best practices for a secure forgot password process

21 Aug 2009 - 4:22pm
4 years ago
3 replies
3931 reads
Laura Malone
2009

The use case I'm asking for input on is this: The user has forgotten
their password and types in an email address that is not in our
system. Currently we tell them that we don't have that email address
in our system and to try another or register. However, we have been
mandated to address the security issues around this approach.
Apparently, by telling the user we don't have that email address in
their system allows a hacker/attacher to keep trying other email
addresses until they get a match.

So in other words, there is a conflict between the ease of use in
telling a user who has forgotten their password that we don't have
their email address in our system vs. the potential breech of
security that this messaging apparently invites.

My question is, have you resolved this conflict in your website, and
if so, how?

Thanks for any insight,
Laur Malone

Comments

23 Aug 2009 - 11:27pm
Corn Walker
2008

On Aug 21, 2009, at 10:22 AM, Laura Malone wrote:

> My question is, have you resolved this conflict in your website, and
> if so, how?

Facebook pretends to send the email. Of course when the user doesn't
receive the message, they lose confidence in whether the "lost
password" function is working correctly.

One way to address this without compromising security is to send an
email with the error report to the non-registered address instead of
displaying the error on the web page. In this way the user still
receives valuable feedback (with a link back to site registration if
appropriate) while automated bots are unable to ascertain whether the
address was valid or not. You should also throttle the "forgot
password" function to avoid it being abused. For example, after five
attempts the ability to reset a lost password is unavailable for five
minutes.

Cheers,
-corn

Corn Walker
The Proof Group

24 Aug 2009 - 7:18am
Adrian Howard
2005

On 24 Aug 2009, at 05:27, Corn Walker wrote:
[snip]
> One way to address this without compromising security is to send an
> email with the error report to the non-registered address instead of
> displaying the error on the web page. In this way the user still
> receives valuable feedback (with a link back to site registration if
> appropriate) while automated bots are unable to ascertain whether
> the address was valid or not.
[snip]

The case where this falls down for the customer is if they mistype the
e-mail address rather than giving the incorrect one... but I agree it
is one solution.

> You should also throttle the "forgot password" function to avoid it
> being abused. For example, after five attempts the ability to reset
> a lost password is unavailable for five minutes.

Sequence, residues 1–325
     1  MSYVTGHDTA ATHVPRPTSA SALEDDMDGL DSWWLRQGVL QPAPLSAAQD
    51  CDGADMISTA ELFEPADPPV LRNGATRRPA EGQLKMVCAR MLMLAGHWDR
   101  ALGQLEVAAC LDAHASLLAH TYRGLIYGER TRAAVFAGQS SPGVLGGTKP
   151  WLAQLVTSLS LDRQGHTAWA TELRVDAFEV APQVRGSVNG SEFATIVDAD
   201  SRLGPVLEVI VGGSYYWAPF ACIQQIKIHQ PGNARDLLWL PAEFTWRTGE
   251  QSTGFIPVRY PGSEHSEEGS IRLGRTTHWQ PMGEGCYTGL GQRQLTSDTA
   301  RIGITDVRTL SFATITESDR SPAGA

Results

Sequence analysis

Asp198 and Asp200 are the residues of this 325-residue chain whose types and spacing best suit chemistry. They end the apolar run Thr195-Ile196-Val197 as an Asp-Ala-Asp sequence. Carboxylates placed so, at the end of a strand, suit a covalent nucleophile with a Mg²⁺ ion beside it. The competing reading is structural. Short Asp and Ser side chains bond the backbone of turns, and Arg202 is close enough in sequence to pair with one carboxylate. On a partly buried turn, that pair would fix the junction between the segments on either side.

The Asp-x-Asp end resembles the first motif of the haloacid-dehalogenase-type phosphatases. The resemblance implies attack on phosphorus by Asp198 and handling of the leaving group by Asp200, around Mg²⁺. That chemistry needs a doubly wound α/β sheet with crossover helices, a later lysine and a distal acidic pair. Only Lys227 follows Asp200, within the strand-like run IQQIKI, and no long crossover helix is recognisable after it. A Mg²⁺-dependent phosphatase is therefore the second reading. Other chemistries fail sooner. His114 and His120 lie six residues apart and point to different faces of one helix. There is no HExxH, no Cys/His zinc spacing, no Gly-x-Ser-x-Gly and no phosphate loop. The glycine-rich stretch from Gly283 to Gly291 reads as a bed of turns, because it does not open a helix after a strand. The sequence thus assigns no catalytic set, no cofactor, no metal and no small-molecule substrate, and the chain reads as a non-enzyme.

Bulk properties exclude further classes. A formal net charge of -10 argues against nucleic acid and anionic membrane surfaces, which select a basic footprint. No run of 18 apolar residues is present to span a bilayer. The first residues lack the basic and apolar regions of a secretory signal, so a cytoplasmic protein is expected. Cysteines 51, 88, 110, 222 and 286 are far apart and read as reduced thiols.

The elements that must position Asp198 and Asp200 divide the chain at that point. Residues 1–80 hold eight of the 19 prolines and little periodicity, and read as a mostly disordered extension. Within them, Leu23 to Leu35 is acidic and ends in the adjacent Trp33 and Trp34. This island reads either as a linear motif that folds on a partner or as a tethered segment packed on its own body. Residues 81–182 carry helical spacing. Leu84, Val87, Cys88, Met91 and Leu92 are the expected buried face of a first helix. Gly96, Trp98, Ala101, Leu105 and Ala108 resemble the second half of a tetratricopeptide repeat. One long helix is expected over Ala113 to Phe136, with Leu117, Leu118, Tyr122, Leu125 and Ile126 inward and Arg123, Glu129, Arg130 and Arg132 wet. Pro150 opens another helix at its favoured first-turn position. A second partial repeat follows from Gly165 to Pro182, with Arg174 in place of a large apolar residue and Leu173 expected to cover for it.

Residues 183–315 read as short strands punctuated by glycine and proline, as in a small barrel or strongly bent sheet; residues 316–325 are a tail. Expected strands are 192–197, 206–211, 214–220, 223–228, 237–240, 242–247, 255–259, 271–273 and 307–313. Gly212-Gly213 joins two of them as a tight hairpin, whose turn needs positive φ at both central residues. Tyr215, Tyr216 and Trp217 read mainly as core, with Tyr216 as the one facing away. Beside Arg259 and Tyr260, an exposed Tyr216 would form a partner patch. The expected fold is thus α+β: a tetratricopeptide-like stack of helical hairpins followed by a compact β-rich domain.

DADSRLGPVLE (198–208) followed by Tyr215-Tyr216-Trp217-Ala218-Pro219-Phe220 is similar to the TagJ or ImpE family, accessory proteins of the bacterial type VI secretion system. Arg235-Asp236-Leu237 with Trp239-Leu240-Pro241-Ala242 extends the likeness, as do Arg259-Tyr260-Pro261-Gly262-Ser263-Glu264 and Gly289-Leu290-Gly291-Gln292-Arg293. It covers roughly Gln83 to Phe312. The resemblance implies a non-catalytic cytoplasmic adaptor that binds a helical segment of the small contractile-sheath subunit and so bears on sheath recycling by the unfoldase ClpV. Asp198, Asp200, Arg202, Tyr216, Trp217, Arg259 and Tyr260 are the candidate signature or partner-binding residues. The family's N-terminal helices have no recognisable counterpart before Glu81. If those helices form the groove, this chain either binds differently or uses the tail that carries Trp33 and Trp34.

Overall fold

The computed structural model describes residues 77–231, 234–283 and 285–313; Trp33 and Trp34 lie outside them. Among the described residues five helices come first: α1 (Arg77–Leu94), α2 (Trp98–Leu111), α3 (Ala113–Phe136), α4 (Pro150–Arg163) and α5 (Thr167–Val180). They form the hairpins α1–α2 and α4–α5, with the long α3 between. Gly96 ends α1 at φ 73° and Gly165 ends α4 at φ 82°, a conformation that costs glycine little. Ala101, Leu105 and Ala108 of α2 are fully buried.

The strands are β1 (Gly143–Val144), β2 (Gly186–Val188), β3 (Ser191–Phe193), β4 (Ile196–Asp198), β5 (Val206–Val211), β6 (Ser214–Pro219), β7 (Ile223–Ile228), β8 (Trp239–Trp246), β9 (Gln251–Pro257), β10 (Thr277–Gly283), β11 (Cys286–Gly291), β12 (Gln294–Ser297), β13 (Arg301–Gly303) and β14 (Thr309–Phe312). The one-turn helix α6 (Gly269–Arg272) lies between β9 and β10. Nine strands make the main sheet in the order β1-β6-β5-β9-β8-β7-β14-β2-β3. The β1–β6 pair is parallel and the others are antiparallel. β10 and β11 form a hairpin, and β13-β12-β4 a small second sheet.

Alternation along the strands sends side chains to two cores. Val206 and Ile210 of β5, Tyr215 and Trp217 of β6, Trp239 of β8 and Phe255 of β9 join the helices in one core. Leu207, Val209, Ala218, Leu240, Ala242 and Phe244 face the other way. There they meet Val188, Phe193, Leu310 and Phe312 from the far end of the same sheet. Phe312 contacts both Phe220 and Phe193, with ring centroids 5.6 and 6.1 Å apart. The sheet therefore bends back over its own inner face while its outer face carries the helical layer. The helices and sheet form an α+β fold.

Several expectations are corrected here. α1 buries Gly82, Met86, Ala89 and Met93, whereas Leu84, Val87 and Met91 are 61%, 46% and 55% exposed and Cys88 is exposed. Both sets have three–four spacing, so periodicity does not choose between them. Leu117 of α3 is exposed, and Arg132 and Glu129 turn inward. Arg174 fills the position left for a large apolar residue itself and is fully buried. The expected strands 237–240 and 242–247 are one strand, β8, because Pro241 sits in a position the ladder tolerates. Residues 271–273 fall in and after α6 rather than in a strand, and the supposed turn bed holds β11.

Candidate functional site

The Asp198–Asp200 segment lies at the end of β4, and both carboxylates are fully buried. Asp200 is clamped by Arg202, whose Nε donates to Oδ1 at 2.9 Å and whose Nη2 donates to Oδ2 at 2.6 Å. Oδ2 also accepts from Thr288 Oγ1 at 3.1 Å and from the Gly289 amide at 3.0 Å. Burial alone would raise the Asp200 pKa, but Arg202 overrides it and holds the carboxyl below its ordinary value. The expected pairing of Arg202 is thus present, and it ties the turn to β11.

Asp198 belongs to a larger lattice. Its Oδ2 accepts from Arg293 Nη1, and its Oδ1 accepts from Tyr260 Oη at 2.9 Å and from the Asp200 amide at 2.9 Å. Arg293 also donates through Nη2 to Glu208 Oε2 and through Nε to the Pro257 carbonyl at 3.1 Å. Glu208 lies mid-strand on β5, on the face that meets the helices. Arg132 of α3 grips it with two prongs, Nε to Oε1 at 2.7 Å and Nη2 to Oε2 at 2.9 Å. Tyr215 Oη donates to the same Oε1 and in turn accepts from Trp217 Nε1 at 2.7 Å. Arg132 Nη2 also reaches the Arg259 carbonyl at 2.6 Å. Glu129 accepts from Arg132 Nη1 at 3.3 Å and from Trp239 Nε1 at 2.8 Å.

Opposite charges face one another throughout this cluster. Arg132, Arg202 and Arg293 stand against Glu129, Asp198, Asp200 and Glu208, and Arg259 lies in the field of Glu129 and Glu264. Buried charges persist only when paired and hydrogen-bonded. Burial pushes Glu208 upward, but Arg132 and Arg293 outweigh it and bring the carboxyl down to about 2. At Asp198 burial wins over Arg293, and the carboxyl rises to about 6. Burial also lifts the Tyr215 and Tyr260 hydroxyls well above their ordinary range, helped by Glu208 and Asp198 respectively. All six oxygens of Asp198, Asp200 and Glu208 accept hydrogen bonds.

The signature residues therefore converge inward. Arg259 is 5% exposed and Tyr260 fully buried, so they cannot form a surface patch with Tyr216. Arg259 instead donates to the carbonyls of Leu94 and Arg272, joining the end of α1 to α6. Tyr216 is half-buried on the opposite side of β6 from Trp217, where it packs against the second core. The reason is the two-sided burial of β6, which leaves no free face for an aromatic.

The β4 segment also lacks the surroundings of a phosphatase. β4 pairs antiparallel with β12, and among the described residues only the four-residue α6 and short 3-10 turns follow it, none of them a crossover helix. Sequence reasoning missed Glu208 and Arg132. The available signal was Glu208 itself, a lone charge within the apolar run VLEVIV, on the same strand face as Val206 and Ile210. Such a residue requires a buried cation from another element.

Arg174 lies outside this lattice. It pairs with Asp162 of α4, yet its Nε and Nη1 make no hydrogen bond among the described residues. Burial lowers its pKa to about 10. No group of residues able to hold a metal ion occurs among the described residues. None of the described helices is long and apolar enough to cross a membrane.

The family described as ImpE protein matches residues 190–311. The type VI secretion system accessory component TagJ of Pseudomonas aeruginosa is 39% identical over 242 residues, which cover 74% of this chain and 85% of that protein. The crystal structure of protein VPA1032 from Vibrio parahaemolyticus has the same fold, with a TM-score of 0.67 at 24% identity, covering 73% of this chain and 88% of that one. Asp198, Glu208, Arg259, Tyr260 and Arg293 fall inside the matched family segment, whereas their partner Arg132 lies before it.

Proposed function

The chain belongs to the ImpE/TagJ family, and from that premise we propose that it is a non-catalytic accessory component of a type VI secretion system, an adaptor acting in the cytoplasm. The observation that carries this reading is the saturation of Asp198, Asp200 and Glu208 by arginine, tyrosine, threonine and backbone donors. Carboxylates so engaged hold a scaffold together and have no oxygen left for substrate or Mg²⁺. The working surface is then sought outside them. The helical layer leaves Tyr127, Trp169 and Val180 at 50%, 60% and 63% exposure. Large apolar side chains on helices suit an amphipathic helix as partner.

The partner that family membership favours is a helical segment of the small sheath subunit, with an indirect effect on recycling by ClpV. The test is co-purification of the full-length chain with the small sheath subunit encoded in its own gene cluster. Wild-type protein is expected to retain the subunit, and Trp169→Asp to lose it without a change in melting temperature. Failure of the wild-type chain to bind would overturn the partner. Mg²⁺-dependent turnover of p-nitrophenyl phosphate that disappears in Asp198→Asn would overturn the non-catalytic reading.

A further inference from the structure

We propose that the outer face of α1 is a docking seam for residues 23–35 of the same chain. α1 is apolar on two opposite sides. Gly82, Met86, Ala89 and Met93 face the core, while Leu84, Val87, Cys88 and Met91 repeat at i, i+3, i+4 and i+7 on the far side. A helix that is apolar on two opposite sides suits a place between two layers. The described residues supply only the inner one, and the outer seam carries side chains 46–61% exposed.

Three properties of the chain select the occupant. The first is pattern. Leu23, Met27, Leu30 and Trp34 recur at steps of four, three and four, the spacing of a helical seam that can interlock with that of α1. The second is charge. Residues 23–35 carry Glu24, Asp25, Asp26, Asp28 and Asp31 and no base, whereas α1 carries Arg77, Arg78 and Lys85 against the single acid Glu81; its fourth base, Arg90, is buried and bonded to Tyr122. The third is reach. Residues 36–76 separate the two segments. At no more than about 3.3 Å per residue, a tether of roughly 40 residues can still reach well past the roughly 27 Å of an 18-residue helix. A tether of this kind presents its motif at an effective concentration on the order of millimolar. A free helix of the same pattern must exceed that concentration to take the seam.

Absolutely. This is a far better solution for folk.

Although it can be tricky in some circumstances (e.g. when you have
many users apparently coming to your site from one IP address
throttling one bad user can block access to many.)

Other solutions include things like security questions, etc. to allow
you to authenticate users without having to ask for their e-mail
address again. Or asking for alternate info that might be more
familiar for them on that particular site (e.g. the username as
opposed to the e-mail address). Or showing the user the e-mail address
again on the confirmation page with some appropriately direct text on
why this has to be correct.

If it were me - I'd be talking with whoever mandated changing the
current system first. I'd be trying to figure out what the relative
risk is to the business and the customer - which should hopefully
lead me to an appropriate solution.

Yes - the current mechanism does offer a certain kind of security
risk. Whether that risk is worth making it harder for the user to do
certain tasks depends on how much damage a malicious user could cause
you and your customers. If it's stopping them getting access to a bank
account it probably is. If it's changing their newsletter subscription
it probably isn't.

Cheers,

Adrian
--
http://quietstars.com - twitter.com/adrianh - delicious.com/adrianh

30 Aug 2009 - 10:00pm
Corn Walker
2008

On Aug 24, 2009, at 8:18 AM, Adrian Howard wrote:

> On 24 Aug 2009, at 05:27, Corn Walker wrote:
> [snip]
>> One way to address this without compromising security is to send an
>> email with the error report to the non-registered address instead
>> of displaying the error on the web page. In this way the user still
>> receives valuable feedback (with a link back to site registration
>> if appropriate) while automated bots are unable to ascertain
>> whether the address was valid or not.
> [snip]
>
> The case where this falls down for the customer is if they mistype
> the e-mail address rather than giving the incorrect one... but I
> agree it is one solution.

Sorry for coming back to this late...

The web page might display "A message was sent to your email address: foo at example.com
. Didn't receive it?" which would prompt the user to check their email
for the lost password and, if they entered an incorrect email address,
prompt a revisit to the site to try again.

Cheers,
-corn

Corn Walker
The Proof Group
http://proofgroup.com/

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